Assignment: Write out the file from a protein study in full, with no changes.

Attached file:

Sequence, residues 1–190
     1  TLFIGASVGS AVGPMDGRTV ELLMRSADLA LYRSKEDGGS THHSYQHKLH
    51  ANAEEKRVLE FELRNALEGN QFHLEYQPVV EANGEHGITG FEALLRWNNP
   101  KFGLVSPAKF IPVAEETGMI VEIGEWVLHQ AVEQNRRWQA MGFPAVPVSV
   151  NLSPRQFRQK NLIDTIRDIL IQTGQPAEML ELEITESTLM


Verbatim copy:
Sequence, residues 1–190
     1  TLFIGASVGS AVGPMDGRTV ELLMRSADLA LYRSKEDGGS THHSYQHKLH
    51  ANAEEKRVLE FELRNALEGN QFHLEYQPVV EANGEHGITG FEALLRWNNP
   101  KFGLVSPAKF IPVAEETGMI VEIGEWVLHQ AVEQNRRWQA MGFPAVPVSV
   151  NLSPRQFRQK NLIDTIRDIL IQTGQPAEML ELEITESTLM